In preparing His disciples for His death, Jesus gave them a wonderful promise: “I will not leave you as orphans; I will come to you” (John 14:18). Jesus assured His followers that He would not leave them alone, leaderless and defenseless. But how would He come to them? In the Scriptures we see a number of ways in which He came to His own. He came to them in His glorious resurrection from the dead. Death could not hold Him and He came forth from the grave as the Lord and giver of life. He came to His disciples also at Pentecost giving His Spirit to unite them with Him (Acts 2:33). He will come again in glory at the end of this age to unite His people with Him forever. And there is still another way in which He comes: He comes to His church in the means of grace that He has established. He comes in the preaching of the Word and He comes in the sacraments.
How Jesus comes in the sacrament of the Lord’s Supper has been one of the most controversial issues in the history of the church. Reformed Christians sometimes seem vague or confused over what the coming of Christ in the supper means. One way to clarify this matter is to review discussions early in the Reformation on the eucharist. Examining Martin Luther’s reflections on the sacrament and his criticism of early Reformed teachers will illumine the doctrine.
Luther as a priest in the medieval church knew that the eucharist stood at the heart of the church’s teaching and experience, The center of worship was the altar and the mass. The priest performed there the miracle of transubstantiation (turning the bread and wine into the body and blood of Christ) and sacrificed Christ to the Father as a propitiation for sin. Luther as a reformer came to see that the mass had to be purified from all elements of priestcraft and human accomplishment. He insisted that the service should be in the language of the people and that both the bread and the wine be given to the people. He utterly rejected the idea of sacrifice in the mass as a form of works righteousness.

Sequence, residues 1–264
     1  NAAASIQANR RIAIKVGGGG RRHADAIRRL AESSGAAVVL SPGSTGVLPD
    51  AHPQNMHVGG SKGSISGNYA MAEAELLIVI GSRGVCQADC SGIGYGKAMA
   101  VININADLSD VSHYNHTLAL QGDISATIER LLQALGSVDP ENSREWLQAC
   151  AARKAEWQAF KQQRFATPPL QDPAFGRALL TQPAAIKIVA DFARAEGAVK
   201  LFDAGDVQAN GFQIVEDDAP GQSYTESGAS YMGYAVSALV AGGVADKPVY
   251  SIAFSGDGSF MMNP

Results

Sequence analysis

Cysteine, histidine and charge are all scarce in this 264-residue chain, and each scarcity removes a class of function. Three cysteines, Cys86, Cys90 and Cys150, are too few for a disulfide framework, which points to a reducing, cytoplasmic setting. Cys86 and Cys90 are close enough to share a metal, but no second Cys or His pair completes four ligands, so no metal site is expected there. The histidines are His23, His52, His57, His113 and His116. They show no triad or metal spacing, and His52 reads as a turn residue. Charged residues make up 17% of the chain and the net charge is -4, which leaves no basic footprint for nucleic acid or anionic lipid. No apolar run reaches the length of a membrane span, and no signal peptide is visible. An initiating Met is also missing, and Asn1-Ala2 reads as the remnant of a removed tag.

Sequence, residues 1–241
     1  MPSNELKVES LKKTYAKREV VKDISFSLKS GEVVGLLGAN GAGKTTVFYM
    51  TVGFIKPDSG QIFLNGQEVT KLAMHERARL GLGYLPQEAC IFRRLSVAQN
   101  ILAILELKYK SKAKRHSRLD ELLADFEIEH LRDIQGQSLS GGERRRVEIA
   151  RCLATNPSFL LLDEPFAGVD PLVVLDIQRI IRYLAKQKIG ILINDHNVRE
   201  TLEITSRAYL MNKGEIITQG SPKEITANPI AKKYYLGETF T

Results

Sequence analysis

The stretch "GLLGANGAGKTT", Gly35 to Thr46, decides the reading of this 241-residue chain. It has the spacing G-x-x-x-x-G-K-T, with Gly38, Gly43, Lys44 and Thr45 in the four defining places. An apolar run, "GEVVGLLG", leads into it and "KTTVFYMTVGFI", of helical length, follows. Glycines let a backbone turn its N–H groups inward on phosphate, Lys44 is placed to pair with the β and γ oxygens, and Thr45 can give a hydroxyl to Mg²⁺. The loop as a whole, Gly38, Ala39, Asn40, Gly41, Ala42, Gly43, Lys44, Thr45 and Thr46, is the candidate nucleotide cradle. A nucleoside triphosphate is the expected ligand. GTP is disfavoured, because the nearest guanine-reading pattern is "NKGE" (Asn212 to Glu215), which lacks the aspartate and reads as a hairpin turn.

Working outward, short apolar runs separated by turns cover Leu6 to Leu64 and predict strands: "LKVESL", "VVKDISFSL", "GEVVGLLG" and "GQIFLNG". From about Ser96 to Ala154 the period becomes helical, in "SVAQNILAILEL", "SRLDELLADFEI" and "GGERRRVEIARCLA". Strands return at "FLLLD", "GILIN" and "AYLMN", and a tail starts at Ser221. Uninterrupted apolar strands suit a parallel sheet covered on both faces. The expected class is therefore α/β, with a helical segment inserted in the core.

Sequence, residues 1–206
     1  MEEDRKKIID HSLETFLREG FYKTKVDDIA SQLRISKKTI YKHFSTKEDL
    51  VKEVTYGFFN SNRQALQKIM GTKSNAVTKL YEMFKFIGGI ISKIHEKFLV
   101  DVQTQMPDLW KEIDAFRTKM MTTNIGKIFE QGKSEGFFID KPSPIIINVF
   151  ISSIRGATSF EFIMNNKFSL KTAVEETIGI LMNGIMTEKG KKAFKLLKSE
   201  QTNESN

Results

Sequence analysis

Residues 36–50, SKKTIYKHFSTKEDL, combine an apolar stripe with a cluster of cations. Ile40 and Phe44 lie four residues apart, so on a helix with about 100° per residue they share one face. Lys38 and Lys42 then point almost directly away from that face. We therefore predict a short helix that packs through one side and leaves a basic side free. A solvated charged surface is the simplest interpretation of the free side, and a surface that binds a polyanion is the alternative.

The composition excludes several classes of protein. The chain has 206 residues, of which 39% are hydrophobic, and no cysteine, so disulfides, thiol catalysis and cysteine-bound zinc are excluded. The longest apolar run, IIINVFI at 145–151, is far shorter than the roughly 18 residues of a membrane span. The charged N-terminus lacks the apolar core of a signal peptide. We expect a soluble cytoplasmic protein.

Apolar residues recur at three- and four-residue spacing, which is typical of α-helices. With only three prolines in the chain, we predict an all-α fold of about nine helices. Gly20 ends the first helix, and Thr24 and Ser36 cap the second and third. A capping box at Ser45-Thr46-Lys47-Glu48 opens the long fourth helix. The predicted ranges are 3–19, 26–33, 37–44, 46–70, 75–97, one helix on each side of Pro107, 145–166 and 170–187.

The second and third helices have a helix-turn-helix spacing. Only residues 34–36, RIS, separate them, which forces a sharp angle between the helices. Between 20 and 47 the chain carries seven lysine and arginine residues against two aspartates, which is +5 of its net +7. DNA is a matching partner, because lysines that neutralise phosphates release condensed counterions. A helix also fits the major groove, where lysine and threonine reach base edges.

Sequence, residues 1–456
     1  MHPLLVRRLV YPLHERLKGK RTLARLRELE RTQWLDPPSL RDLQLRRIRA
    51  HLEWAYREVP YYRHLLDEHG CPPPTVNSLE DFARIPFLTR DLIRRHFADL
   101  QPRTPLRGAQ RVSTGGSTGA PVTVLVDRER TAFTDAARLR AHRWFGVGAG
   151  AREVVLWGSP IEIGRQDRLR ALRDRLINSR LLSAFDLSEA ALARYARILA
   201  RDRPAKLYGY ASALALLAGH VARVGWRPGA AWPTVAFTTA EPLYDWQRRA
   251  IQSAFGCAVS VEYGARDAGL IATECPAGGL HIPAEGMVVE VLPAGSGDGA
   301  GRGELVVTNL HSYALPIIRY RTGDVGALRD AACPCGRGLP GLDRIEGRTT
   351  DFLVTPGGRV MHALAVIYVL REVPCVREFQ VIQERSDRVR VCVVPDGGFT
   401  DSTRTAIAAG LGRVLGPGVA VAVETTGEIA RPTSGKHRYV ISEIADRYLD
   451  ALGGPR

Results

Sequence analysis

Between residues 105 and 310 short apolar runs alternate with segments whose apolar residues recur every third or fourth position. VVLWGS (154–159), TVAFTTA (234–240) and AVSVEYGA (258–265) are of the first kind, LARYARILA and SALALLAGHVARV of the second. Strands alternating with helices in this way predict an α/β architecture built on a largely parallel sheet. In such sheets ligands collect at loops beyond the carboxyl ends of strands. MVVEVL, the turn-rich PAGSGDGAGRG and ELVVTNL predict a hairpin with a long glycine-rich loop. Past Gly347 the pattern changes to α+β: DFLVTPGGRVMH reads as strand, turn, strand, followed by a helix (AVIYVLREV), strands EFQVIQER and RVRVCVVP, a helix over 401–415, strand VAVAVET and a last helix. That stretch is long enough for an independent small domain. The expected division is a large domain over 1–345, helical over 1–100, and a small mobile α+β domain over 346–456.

Luther continued to insist, however, that Jesus was truly present in the sacrament. He believed that the words of Jesus, “This is my body,” were clear and simple. He became very suspicious of those who tried to spiritualize those words. He thought spiritualizers of the Christian religion missed the whole character of biblical teaching.
He had faced such a spiritualizer in the person of Thomas Muentzer in the mid-1520s. Muentzer disparaged the literal meaning of the sacrament and of the Bible as the revelation of God. He dismissed the Bible with the words, “Bible, bubble, babble.” Luther thundered against Muentzer, “He thinks he has swallowed the Holy Ghost feathers and all.” Luther believed that such “spirituality” must ultimately not only reject the sacrament and the Bible, but also the incarnation and the cross.
Luther perceived such spiritualizing tendencies also in his former colleague at Wittenberg, Andreas Bodenstein von Carlstadt. When Carlstadt left northern Germany in 1524 and was warmly received in Strassburg by Martin Bucer and in Zurich by Ulrich Zwingli, Luther concluded that these men too must be spiritualizers and dangerous. The written exchanges on the Lord’s Supper between Luther and Zwingli from 1524 to 1529 did nothing to reduce Luther’s concerns.